Fame is a fickle fortune, but continues to fascinate Americans. Although most no longer know her name, Kate Chase Sprague once outshone Mary Todd Lincoln with the soirées she hosted to dazzle politicians into supporting her father, Salmon P. Chase, for President of the United States. He was never to attain a higher position than treasury secretary, and adding to her list of disappointments was her disastrous marriage to William Sprague, politician, habitual drunk, womanizer, and heir to a multimillion-dollar textile manufacturing empire in New England. She was not a suffragist. She did not advocate for policies to help those less fortunate. If she did anything that was not in either her own or her loved ones’ best interest, it is not written in John Oller’s biography American Queen: The Rise and Fall of Kate Chase Sprague, Civil War “Belle of the North” and Gilded Age Woman of Scandal.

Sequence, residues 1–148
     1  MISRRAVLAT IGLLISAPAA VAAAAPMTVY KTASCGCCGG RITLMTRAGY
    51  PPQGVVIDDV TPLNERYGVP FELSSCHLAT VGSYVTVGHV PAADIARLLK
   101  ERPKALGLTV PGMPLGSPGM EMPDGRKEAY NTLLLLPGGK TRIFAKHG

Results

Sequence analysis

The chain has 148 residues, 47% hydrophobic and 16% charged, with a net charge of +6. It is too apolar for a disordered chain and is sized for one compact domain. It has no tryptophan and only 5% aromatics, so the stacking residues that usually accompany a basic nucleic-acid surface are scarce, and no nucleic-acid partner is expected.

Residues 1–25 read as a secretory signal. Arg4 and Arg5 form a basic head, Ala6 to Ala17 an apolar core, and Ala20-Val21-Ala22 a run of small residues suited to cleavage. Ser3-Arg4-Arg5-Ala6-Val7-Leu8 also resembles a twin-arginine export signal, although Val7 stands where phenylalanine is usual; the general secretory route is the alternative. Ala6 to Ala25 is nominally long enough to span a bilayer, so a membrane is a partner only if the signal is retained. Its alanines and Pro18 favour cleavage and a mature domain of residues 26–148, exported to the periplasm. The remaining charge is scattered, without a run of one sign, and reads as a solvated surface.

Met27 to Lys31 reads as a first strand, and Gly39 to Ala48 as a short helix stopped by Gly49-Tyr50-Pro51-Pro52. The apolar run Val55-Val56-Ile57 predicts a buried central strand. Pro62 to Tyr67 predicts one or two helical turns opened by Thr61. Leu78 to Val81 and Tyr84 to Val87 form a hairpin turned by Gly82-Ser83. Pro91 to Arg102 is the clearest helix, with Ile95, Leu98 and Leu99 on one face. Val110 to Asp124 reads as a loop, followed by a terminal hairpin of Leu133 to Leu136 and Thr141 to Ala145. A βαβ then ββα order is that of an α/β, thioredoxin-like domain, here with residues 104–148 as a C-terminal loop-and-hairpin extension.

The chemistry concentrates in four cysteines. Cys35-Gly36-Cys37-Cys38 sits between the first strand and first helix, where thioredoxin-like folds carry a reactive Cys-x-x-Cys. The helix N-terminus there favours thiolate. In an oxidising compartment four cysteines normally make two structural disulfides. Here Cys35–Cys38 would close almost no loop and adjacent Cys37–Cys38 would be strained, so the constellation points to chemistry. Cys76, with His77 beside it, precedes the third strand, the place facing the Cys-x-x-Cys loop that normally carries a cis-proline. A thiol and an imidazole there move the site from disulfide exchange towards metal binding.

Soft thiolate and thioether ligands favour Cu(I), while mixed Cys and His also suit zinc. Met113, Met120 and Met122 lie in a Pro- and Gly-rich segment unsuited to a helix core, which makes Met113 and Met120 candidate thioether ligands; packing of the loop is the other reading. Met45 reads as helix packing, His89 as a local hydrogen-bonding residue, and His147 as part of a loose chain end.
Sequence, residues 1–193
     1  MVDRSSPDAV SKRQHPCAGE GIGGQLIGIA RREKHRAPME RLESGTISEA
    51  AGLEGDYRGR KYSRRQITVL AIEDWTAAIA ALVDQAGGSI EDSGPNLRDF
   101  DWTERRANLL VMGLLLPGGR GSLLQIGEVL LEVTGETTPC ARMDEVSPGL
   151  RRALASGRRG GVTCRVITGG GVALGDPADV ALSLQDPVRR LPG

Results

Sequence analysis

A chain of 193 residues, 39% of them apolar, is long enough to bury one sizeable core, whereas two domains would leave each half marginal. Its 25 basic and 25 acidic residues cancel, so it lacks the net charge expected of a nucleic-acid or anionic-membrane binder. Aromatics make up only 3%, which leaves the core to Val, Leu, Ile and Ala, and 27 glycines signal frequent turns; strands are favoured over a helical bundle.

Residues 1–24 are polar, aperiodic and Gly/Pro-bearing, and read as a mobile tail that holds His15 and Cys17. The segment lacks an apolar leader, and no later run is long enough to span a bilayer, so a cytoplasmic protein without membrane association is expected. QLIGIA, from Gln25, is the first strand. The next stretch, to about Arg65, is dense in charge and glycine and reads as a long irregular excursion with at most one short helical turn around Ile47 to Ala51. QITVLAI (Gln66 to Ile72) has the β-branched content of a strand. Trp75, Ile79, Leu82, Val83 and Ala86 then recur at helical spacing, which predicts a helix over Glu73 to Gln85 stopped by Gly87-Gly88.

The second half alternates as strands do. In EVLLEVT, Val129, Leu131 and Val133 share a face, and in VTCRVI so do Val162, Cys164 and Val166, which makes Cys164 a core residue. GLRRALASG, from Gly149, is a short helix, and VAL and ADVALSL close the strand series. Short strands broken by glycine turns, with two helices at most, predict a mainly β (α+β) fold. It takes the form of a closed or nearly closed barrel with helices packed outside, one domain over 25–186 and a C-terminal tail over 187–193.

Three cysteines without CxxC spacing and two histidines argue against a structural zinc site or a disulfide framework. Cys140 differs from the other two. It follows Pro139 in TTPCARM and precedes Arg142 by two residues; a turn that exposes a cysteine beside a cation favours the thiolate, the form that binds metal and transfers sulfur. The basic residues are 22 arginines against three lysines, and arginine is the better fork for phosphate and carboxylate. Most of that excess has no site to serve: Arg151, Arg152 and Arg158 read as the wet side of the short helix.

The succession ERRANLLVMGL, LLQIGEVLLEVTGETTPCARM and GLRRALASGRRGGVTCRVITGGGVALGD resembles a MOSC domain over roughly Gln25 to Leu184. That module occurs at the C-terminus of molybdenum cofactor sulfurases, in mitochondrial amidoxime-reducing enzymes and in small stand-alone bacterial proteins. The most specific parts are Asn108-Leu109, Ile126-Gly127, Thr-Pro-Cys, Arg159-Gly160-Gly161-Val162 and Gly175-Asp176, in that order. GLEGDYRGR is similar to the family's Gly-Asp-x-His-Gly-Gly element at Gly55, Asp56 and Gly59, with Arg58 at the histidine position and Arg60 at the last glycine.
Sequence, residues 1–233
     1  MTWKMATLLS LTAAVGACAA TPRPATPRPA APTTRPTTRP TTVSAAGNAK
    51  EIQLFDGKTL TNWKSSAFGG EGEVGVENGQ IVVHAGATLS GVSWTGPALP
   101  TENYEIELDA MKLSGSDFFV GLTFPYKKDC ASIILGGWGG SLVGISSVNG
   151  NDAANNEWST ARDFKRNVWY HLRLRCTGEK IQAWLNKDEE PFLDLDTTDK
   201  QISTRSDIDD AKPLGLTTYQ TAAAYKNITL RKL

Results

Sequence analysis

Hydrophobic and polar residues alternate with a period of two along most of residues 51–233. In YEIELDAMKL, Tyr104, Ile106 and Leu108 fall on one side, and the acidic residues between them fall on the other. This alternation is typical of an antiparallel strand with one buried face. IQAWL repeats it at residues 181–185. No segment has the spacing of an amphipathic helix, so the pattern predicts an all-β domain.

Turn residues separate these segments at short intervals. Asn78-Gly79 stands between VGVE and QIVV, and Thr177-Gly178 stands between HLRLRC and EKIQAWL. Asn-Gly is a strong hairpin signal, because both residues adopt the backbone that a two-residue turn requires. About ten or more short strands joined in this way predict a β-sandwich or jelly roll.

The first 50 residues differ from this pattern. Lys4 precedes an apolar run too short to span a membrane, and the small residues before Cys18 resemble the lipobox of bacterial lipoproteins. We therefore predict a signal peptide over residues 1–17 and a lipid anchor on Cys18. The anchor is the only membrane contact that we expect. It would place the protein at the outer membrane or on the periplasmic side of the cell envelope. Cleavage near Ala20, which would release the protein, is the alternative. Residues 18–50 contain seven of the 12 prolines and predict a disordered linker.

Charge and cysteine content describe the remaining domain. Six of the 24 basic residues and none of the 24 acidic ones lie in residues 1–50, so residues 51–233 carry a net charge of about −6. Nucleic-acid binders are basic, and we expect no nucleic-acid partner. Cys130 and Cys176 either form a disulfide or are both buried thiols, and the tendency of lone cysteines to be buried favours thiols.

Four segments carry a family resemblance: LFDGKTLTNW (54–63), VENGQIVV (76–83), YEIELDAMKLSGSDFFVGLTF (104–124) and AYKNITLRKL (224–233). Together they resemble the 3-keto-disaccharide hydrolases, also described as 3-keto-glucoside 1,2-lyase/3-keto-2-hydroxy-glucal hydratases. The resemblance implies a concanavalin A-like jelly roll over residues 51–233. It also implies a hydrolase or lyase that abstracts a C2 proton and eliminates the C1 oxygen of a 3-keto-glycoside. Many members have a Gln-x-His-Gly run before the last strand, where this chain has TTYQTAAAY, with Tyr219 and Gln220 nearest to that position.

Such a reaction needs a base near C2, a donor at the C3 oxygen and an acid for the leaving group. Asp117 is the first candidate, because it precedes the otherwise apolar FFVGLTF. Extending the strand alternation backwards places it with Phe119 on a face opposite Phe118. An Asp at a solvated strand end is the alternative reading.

“As survivor, she lived on her own terms and continued to go after what she wanted with the same determination of old.”
Oller, who has worked closely with Sprague’s granddaughter, attempts to dispel the typical opinions that her life was tragic by instead focusing on her strength of spirit and accomplishments for a woman of that era. Even though her life is set in the fascinating time of the Civil War and Panic of 1873, Oller stretched and was often repetitive in order to stretch what is known about Sprague into a full-length book.
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